The more I talk to family, friends, and fellow Muslims, the more I notice a worrying pattern. It’s not that Muslims don’t want their religion to be a vital part of their daily lives, but that their institutions don’t always work for them. And there’s apparently nowhere else to go for authentic, reliable, and trustworthy religious life services. And the modern reality is that, like many of you, I have friends and colleagues all over the world. When they ask me for help or a recommendation, sending them to a brick and mortar mosque down the road doesn’t even begin to cut it.

Meanwhile, the very people who can best provide the religious services Muslims long for don’t know how to reach the people they can serve.

The great crisis afflicting modern Muslim communities is one of connection.

Or rather, the lack of it.

I turned to technology to help solve this problem, creating a website that will be the “mosque” more Muslims wish they had. This simple gesture, of connecting Muslims looking for religious services with the Muslims who are best qualified to provide them, will revolutionize Muslim life across the world. It’s called ImamConnect. You might think of it as an ‘Uber for Imams’ but that doesn’t do justice to the service, the connection, or the vision we’re building.

“And help one another in goodness and piety”

– The Noble Qur’an (5:2)

ImamConnect is a digital platform that’s designed to be accessible to a wide range of users, with different backgrounds, needs, and priorities. It’s a one-stop-shop, a place where users can find qualified, vetted experts to meet their religious life needs, offering services like marriage ceremonies, advice on wills and guidance on inheritance laws, as well as religious classes, like Qur’an tutoring for the young and the old–and so much more.

Developed by a team of Muslim communications experts, entrepreneurs, technologists, and community leaders based in Brussels, London, Granada, Kuala Lumpur, and New York, ImamConnect launched with over 70 background-checked service providers offering their expertise from countries around the globe, like Australia, Canada, Malaysia, Singapore, the United Kingdom, and the United States.

It works very simply.

Religious service providers create profiles with their relevant information, which we carefully background check. They list out what services they can provide and how much they charge. Users visit the website and simply enter what they’re searching for. ImamConnect presents them with a list of the experts who offer requested services.

Maybe it’s Islam 101. Maybe it’s marriage counselling. Maybe it’s tajweed classes.

Maybe they’re a junior scholar looking for more senior scholars to help them advance in their studies. Maybe they’re a parent looking for pastoral guidance amidst a crumbling relationship with their teenager. (All examples of bookings so far made on Imam Connect).

Whoever they are, we hope to help provide them with exactly what they need.

When booking a service provider, users have access not only to a service provider’s biography, available services, and rates of service, but reviews from other users too. This helps ensure user safety and access to high quality, professional services. For the religious service providers, then, ImamConnect means a source of new clients and students. For the users, ImamConnect is a religious lifeline–the services they need designed to meet them where they are.

They can find scholars, specialists, and experts who know their context, their local customs (‘urf), their realities and circumstances—people who have religious authority and nuance, who would be the right pick to provide, say, premarital counseling to a mixed-race couple, or a pair of new Muslims negotiating relationships with families that maybe aren’t fully onboard with their life choices yet. The kinds of challenges that, unfortunately, a lot of communities don’t have the on-the-ground resources to provide.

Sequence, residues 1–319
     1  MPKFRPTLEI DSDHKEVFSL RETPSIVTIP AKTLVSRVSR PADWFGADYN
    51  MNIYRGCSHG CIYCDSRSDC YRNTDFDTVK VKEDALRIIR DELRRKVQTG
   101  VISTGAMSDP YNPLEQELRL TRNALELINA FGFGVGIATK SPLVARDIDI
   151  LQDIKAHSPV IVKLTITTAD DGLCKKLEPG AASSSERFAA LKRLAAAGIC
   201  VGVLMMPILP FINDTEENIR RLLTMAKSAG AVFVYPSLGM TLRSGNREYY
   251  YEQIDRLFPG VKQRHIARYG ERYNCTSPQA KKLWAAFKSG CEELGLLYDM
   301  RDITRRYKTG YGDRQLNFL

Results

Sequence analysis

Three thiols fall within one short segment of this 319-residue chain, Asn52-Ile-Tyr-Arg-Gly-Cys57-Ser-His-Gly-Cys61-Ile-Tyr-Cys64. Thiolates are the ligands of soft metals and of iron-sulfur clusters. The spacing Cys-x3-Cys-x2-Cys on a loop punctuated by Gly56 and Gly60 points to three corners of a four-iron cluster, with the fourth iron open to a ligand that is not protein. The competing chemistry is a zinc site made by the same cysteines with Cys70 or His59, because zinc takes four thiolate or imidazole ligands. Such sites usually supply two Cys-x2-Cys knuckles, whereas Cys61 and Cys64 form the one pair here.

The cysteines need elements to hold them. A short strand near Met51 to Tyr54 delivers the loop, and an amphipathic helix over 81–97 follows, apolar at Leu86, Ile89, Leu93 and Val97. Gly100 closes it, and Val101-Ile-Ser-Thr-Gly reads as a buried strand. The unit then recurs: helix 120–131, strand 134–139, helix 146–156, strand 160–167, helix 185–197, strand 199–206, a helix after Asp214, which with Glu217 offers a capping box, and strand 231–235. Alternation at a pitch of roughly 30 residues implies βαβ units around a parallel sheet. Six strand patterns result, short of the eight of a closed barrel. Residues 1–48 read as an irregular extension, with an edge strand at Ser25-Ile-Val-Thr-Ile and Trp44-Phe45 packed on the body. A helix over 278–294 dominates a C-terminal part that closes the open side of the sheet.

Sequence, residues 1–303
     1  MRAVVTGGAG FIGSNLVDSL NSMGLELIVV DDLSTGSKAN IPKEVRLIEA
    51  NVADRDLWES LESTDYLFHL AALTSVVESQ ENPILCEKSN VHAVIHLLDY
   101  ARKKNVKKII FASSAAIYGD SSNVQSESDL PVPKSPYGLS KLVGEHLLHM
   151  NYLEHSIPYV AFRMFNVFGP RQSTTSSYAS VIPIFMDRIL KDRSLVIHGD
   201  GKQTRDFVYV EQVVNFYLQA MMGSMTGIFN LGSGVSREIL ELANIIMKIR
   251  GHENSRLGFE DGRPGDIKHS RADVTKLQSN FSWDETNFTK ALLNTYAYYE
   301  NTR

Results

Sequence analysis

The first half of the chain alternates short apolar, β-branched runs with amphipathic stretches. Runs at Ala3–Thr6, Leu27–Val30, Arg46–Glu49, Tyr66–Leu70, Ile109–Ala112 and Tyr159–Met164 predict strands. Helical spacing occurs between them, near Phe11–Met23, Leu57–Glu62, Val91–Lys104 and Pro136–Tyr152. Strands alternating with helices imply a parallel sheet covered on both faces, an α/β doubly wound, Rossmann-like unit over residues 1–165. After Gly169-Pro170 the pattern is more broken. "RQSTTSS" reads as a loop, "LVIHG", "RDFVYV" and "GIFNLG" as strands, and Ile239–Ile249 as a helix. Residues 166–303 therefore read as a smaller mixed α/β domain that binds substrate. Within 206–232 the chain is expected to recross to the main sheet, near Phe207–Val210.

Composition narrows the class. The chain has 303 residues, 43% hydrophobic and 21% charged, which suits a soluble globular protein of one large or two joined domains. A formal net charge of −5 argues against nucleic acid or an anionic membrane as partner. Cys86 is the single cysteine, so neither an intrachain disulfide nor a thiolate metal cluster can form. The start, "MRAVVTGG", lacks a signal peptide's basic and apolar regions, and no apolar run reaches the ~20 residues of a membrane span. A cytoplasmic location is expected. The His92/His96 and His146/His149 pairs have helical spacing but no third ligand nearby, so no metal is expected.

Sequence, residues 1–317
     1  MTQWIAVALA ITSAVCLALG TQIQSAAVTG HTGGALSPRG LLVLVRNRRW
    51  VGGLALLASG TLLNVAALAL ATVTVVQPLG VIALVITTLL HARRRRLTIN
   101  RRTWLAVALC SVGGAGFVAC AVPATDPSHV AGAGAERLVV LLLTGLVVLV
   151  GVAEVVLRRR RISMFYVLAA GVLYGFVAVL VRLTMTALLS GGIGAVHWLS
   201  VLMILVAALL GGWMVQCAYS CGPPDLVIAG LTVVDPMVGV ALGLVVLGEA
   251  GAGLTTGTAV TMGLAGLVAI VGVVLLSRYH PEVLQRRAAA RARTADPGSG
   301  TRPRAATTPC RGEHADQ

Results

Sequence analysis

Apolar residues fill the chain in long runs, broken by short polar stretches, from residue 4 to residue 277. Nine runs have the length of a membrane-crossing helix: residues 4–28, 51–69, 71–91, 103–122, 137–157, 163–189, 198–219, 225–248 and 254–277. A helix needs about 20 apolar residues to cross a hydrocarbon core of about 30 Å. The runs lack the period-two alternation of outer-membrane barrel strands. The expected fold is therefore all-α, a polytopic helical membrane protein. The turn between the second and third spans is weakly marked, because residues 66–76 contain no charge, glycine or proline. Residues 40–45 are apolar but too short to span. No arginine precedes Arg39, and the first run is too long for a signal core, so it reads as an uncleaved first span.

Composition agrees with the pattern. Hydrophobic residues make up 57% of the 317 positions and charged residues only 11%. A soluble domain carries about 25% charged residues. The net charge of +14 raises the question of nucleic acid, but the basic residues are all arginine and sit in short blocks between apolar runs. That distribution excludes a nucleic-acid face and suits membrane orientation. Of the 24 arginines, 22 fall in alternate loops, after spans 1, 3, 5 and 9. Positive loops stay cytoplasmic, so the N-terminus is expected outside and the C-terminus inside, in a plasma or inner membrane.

For now, of course, all services have to be virtual, but when circumstances permit, users will be allowed to book in-person services, too.

What makes us different from many community institutions, however, isn’t just our global reach or intuitive accessibility.

It’s the vetting and the variety.

“And of His signs is the creation of the heavens and earth, and the diversity of your languages and colours. There truly are signs in this for those who know.”

– The Noble Qur’an (30:22) 

Background checks are critical components of the ImamConnect service, ensuring that the religious service providers on offer are free of any history of fraud and criminality. Vetting is intended to ensure users can feel physically, emotionally, and spiritually safe with their service provider.

On top of that, users have a menu of religious service options. We acknowledge and celebrate our communities’ diversities. Mindful of the amazing pluralism that characterizes modern Islam, ImamConnect welcomes religious service providers from a variety of backgrounds, from conservative to contemporary, liberal to traditional, and including Sunni and Shi’a Muslims, among others. This not only means that religious service providers from diverse traditions can connect to the individuals most in need of them, but also that users are no longer limited to the services available in their neighbourhoods.

“The whole Earth has been made a Mosque”

– Prophet Muhammad (Bukhari 335)

People have many questions, naturally. For one, people ask if we won’t just enable people to engage in fatwa-shopping, as opposed to the robust values they should aspire to. I think that’s an unfairly pessimistic characterization of our communities. People look for communities that help them grow and foster a sense of belonging. When they become disillusioned by institutions around them, it’s often because these institutions offer them no point of entry, no way to begin connecting. And a chief motivation of mine has been that I fear Muslims today are losing touch with our Islamic traditions due to this inaccessibility.